Observing the Economy: A Jolt of Reality
Much uncertainty in the economy remains, especially related to the commercial real estate market. This is not to say there hasn't been improvement from the various measures the government has initiated, starting with the injection of funds from the Troubled Asset Relief Program in 2008 used to purchase assets and equity from the financial institutions and to strengthen the financial sector.
- Dec 01, 2010
With growth still very weak, inflation nearly non-existent, and the unemployment rate at 9.6 percent (the longest period of time that the unemployment rate has been 9.5 or higher since the U.S. began keeping records in 1948), it was no surprise that the Federal Open Market Committee decided to purchase another $600 billion of treasuries over the next eight months in an attempt to re-ignite the economy. For some observers of the economy, this came as welcome news, although they would have liked to see even more stimulus. For others, the addition of $600 billion of treasury purchases was a jolt of reality, reminding us that the economy is definitely not out of the woods.
Much uncertainty in the economy remains, especially related to the commercial real estate market. This is not to say there hasn’t been improvement from the various measures the government has initiated, starting with the injection of funds from the Troubled Asset Relief Program in 2008 used to purchase assets and equity from the financial institutions and to strengthen the financial sector. Soon after, the FOMC lowered short-term interest rates to near-zero percent, and has kept them at this record low pace. Then there was the purchase of $1.7 trillion in U.S. treasury debt and mortgage securities that ended this spring. These measures have been successful in stimulating top tier markets, properties, and prices, and also have helped to expedite distressed property sales. However, a big share—perhaps the majority of property loans—has yet to be addressed.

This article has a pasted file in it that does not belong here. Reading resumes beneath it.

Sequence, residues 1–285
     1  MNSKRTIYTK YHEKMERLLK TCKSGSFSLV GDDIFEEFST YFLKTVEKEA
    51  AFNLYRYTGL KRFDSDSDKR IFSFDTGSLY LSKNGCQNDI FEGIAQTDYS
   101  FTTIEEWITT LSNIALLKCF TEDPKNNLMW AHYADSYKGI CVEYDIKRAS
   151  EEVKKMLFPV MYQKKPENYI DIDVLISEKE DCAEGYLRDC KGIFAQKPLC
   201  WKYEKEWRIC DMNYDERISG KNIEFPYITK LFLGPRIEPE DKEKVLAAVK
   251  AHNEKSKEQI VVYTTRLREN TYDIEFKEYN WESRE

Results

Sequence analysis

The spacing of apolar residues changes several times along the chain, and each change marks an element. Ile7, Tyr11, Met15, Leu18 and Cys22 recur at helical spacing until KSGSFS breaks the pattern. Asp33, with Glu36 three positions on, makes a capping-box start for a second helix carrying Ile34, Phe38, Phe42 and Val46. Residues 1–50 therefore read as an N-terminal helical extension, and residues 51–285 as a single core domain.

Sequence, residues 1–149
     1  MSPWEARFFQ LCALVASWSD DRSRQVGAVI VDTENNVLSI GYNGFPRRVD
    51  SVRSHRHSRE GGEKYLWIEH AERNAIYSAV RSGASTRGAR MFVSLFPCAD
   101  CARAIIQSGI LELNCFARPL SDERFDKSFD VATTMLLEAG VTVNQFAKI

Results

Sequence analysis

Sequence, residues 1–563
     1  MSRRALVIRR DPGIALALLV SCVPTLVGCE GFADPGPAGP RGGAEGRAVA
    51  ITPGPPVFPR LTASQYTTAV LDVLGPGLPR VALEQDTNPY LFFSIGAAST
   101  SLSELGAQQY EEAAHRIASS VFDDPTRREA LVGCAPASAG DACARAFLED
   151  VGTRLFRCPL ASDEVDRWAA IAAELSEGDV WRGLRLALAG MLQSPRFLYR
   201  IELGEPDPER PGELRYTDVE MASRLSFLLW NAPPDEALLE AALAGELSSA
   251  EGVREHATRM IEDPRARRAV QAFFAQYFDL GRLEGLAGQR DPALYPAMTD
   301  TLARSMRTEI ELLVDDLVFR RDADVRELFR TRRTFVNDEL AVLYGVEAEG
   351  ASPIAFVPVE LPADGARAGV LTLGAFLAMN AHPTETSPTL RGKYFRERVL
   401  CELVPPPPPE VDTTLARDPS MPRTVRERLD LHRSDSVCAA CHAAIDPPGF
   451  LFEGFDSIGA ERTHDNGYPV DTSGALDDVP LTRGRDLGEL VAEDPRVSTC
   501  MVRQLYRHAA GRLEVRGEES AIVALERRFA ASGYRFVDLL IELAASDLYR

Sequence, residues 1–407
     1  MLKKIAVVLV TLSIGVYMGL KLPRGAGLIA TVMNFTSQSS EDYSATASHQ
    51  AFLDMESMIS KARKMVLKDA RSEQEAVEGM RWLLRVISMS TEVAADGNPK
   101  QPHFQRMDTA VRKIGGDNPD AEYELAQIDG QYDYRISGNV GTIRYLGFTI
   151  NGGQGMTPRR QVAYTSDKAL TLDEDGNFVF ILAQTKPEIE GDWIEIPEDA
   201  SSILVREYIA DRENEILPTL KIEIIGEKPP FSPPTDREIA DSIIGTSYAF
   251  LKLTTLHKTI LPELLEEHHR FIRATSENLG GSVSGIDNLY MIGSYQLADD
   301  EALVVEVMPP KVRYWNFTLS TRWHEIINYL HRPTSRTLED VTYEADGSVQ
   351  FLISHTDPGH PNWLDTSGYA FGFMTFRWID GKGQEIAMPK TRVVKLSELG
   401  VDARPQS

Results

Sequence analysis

It is no surprise that a great deal of uncertainty still dominates the market. Real estate became an increasingly significant percentage of the risk-based capital structure of banks over the past 20 years, but even when the overweighting in real estate became commonly known, uncertainty about whether reserves were high enough to cover potential losses or whether the transparency was enough to unmask the accounting treatments of loan losses remains. In fact, commercial real estate risk for banks remains extremely high. Downgrades from internal ratings have yet to take place, which could take another 3 years to run their course. In addition, refinancing is a high-risk element to recovery, and there are other still-hidden issues related to commercial real estate loans, especially with regard to loss of property value, in the smaller banks.
RERC’s third quarter value versus price ratings, as depicted in the fall 2010 RERC Real Estate Report, reflect this view. Value versus price ratings declined or remained stagnant during third quarter 2010, indicating that RERC’s institutional investment survey respondents felt that the value of commercial property is losing ground and is barely equal to its price. The industrial property sector continued to receive the highest rating, although the rating declined slightly to 5.6 on a scale of 1 to 10, with 10 being high. The value versus price ratings for the hotel and apartment sectors held their own from the previous quarter, with the hotel sector rating at 5.3 and the apartment rating at 5.2.
The value versus price ratings for the office and retail sectors declined to 4.8 each, indicating survey respondents’ views that the value of these two sectors was less than their price, and that lower prices for retail and office properties, in general, may be warranted.
RERC believes that it is a positive sign, however, that the market is taking a long time to clear itself, and that the guiding hand provided by this Keynesian economic approach makes it more likely that the market will not crater. However, even if this approach does prove to be the right one, we still have a long way yet to go before the economy recovers and before the banks’ balance sheets return to positive territory for commercial real estate. The rest of the commercial real estate story will play out over the next three years at a hopefully non-disruptive pace, as the best properties continue to trade and the distressed property situations get resolved and cleared off balance sheets. Given where we have been, this is not a bad future scenario.